• Not really. People buy smartphones for one set of reasons and PCs for a different set of reasons. A person looking to buy a PC won't likely forgo that purchase in favor of a GS8 with it's limited "desktop" apps and PC-like functionality compared to a PC. A person seeking to buy a smartphone (for all of the mobile platform benefits that are common to mobile platforms), may not likely be motivated to by the type of composite device I presented. Both of these audiences are looking for two different things - either a true PC or a true smartphone. Now with what I present, the motive is to address a problem that Microsoft has not yet figured out - How to get, category-defining Windows-based "phone" hardware into peoples hand. With my scenario, that audience that wants a laptop/2-in-1, and which the data how are selling and are projected to continue selling well, - they get a smartphone included as part of the package. Microsoft will be getting hardware in the market while they get its ecosystem up to parmdriven by PC demand rather than waiting and hoping for a strong ecosystem to become the motivating factor that gets "phone" hardware into users hands. Users may not even use the eSIM phone capabilites, right away unwilling to give up thier iPhones or Android phones. Or they may, activate the capabilities as a back up phone. But the point is what I'm proposing Microsoft could effectively sell "phones" to people that are not demanding "phones" but PCs. The S8 is a sweet device. I would buy one, and an iPhone 7 and a host of other tech if I had the cash, to add to my preferred tech and daily drivers which are Windows phones. Anyway I agree that MS is chronically too slow thats why I wrote the piece, What if Samsung beats Microsoft to market with an ultimate mobile device?" I have some misgivings about practical application regarding AR as well though MS was first with the holoLens, thats why I wrote Apple may be building augmented reality glasses; Should Microsoft worry? So whatever Microsoft is doing, I'm with everyone else here, that it needed to do it yesterday.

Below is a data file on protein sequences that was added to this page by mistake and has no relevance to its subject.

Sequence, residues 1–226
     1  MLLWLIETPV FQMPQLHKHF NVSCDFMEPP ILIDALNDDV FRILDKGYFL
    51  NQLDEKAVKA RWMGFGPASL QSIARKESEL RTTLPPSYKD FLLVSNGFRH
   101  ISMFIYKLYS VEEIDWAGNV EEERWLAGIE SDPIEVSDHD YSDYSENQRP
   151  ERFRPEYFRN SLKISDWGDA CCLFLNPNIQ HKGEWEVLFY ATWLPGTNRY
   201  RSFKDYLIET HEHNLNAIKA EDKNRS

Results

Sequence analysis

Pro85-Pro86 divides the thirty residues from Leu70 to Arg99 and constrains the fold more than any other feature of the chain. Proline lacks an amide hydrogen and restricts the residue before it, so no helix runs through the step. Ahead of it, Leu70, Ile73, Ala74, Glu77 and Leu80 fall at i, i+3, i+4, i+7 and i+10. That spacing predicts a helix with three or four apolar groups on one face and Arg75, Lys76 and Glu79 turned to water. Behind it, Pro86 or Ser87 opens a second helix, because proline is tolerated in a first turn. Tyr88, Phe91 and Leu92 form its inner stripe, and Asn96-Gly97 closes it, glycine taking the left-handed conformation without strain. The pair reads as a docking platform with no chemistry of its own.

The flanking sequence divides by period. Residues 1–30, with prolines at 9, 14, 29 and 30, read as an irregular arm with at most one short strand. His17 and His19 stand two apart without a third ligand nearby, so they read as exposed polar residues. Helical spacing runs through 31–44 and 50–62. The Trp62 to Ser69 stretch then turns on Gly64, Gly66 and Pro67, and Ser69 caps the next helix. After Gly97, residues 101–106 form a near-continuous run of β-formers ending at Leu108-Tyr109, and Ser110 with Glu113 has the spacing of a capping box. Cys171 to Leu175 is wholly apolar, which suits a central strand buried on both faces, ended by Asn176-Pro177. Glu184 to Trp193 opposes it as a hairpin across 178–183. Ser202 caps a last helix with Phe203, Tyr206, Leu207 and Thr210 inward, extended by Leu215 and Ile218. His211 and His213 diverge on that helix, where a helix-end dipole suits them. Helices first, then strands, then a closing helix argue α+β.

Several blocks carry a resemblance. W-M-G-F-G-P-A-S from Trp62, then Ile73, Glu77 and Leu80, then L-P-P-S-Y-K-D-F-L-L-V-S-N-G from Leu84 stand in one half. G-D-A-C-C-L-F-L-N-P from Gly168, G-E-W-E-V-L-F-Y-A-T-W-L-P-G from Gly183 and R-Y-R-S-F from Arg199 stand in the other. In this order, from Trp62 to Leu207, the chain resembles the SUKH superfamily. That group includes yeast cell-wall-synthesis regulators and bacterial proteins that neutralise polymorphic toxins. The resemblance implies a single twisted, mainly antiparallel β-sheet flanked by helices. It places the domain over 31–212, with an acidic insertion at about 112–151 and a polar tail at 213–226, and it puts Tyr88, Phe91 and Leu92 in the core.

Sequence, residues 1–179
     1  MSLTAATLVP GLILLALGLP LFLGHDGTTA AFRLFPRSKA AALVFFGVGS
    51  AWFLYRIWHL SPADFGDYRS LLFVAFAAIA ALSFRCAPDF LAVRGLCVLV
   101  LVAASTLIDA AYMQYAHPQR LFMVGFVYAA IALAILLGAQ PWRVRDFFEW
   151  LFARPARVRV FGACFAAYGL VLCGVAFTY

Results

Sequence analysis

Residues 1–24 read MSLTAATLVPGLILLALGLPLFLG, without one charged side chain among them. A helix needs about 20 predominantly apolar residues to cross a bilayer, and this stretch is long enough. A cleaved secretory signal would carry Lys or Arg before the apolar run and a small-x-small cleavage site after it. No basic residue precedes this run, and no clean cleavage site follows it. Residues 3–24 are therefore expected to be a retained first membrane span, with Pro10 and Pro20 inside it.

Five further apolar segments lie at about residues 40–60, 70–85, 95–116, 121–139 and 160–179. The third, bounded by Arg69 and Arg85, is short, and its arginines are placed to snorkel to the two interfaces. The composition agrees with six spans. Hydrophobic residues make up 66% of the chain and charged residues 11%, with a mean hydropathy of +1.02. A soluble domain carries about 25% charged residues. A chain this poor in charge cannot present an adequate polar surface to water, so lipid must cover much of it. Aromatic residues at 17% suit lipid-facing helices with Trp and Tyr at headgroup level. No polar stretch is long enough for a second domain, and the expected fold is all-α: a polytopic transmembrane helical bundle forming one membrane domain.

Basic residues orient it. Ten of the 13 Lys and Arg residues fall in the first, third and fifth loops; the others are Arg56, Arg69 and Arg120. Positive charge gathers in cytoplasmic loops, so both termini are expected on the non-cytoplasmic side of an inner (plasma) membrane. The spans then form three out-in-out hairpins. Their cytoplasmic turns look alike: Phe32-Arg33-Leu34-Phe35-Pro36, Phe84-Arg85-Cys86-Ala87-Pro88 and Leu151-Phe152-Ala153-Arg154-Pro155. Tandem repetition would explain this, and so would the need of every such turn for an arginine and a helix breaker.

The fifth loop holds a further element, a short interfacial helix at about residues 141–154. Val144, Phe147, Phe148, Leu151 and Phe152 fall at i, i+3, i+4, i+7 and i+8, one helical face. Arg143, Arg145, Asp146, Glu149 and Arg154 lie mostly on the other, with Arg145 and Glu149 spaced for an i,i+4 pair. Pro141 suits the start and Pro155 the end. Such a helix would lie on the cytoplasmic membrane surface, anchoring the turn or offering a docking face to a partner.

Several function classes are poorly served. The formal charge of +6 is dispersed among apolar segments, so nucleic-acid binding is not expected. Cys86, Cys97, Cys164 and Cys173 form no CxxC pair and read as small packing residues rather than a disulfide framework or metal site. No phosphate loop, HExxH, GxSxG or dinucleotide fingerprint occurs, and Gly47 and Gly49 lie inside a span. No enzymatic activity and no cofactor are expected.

• Jason - you are thinking about what could be and the naysayers believe that the status quo is really the static quo...they think because Apple and Google are on top now, that this is how it will be.  They will speculate about every hurdle when NONE of us know what they are doing behind their secret doors.  They will tell you that everything is YEARS away.  They will tell you that what buyers don't have now, they won't want.  They say these things because if fits their pre-determined narrative.  When you suggest that the future has potential for something different, you get called "delusional" or a "fanboy".  I'm not sure that it's worth your time fighting with the unreasonables. 
  • Is the Samsung Gear S3 competing with smartphones? It fits in your pocket and makes calls.    Any phone whose intention is to directly "challenge" the iPhone or Galaxy S head on in the consumer market is doomed to failure. Ask every other phone manufacturer. The goal should be to either disrupt or co-opt the industry. Co-opting the industry would be like creating a companion device for iPhone/Galaxy that replaces a lot of their functionality in a much more useful package. Samsung's Tizen OS powered Gear S3 is attempting to co-opt the Android phone makert. Disrupting would be something like a cellular HoloLens that makes smartphones feel archaic and obsolete. Disruption could also be creating a hybrid device category that expands the functionality of the existing one enough to erode consumer satisfaction. See Microsoft Surface/2-in-1 tablets. 
  • Get the apps there and windows phone will perform.  Witht he UWP platform, MS needs to work with developers to get the apps on PC first and then the app problems fixes itself on mobile.